Obsessive-Compulsive Personality Disorder
Full description of Obsessive-Compulsive Personality Disorder (OCPD). Definition, signs, symptoms, causes of Obsessive-Compulsive Personality Disorder.
Description of Obsessive-Compulsive Personality Disorder (OCPD)
About 16 million Americans, or 8-percent of the population have Obsessive-Compulsive Personality Disorder, making it one of the most prevalent personality disorders in the U.S.
Rigid adherence to rules and regulations and an overwhelming need for order and personal control are the primary characteristics of obsessive compulsive personality disorder. People living with OCPD are inflexible, perfectionists and unwilling to yield responsibilities to others. They are reliable, dependable, orderly, and methodical, but their inflexibility makes them unable to adapt to change. Because they are cautious and weigh all aspects of a problem, they have difficulty making decisions.
According to the Merck Manual, "people with an obsessive-compulsive personality are often high achievers, especially in the sciences and other intellectually demanding fields that require order and attention to detail. However, their responsibilities make them so anxious that they can rarely enjoy their successes." They are uncomfortable with their feelings, with relationships, and with situations in which they lack control or must rely on others or in which events are unpredictable.
Many people confuse Obsessive-Compulsive Personality Disorder (OCPD) with Obsessive-Compulsive Disorder (OCD). The two disorders are not related. People with OCD are often aware that their obsessions are abnormal, but are compelled to perform them anyway. People with obsessive compulsive personality disorder, however, believe their need for strict order and rules is perfectly normal.
Diagnostic Criteria for Obsessive-Compulsive Personality Disorder (OCPD)
A pervasive pattern of preoccupation with orderliness, perfectionism, and mental and interpersonal control, at the expense of flexibility, openness, and efficiency, beginning by early adulthood and present in a variety of contexts, as indicated by four (or more) of the following:
- is preoccupied with details, rules, lists, order, organization, or schedules to the extent that the major point of the activity is lost
- shows perfectionism that interferes with task completion (e.g., is unable to complete a project because his or her own overly strict standards are not met)
- is excessively devoted to work and productivity to the exclusion of leisure activities and friendships (not accounted for by obvious economic necessity)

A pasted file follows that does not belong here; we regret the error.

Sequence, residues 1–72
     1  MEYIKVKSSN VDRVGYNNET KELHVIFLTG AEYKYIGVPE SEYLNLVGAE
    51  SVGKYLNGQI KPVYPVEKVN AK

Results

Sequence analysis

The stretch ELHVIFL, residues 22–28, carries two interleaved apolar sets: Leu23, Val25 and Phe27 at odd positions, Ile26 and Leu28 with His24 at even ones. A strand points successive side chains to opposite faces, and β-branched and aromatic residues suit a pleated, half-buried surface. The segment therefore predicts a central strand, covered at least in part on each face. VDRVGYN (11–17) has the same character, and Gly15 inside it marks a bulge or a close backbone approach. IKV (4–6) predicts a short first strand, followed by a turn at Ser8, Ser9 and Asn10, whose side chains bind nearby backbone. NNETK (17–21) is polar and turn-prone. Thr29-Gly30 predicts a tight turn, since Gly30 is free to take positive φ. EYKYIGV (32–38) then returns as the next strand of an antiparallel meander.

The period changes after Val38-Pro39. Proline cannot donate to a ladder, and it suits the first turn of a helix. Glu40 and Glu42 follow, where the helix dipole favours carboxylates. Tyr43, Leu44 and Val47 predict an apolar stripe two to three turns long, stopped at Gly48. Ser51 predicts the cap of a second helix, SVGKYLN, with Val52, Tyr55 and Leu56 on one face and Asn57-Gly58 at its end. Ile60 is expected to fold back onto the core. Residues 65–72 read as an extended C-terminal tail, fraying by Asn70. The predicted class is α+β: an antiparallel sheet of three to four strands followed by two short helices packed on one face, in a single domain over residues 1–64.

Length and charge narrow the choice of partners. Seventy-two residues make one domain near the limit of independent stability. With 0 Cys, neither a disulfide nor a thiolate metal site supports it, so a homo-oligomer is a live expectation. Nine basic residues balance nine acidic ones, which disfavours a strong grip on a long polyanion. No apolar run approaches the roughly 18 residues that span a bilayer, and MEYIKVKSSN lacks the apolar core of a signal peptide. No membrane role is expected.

- is overconscientious, scrupulous, and inflexible about matters of morality, ethics, or values (not accounted for by cultural or religious identification)
- is unable to discard worn-out or worthless objects even when they have no sentimental value
- is reluctant to delegate tasks or to work with others unless they submit to exactly his or her way of doing things
- adopts a miserly spending style toward both self and others; money is viewed as something to be hoarded for future catastrophes
- shows rigidity and stubbornness
While a person may exhibit any or all of the above characteristics of OCPD, it is not diagnosed as a personality disorder unless the person has trouble leading a normal life due to these issues.
Causes of Obsessive-Compulsive Personality Disorder (OCPD)
OCPD often runs in families, leading researchers to believe there's a genetic component to Obsessive-Compulsive Personality Disorder. Parenting styles and family dynamics may also play a role in the development of OCPD. One theory suggests that as children, people with Obsessive-Compulsive Personality Disorder were consistently punished for negative behavior, failure, and rule-breaking, while receiving no praise for success and compliance. To avoid punishment, the child develops a habit of rigidly following rules that lasts into adulthood.
For comprehensive information on obsessive-compulsive and other personality disorders, visit the HealthyPlace.com Personality Disorders Community.
Sources: 1. American Psychiatric Association. (1994). Diagnostic and Statistical Manual of Mental Disorders, Fourth Edition. Washington, DC: American Psychiatric Association. 2. Merck Manual, Home Edition for Patients and Caregivers, last revised 2006.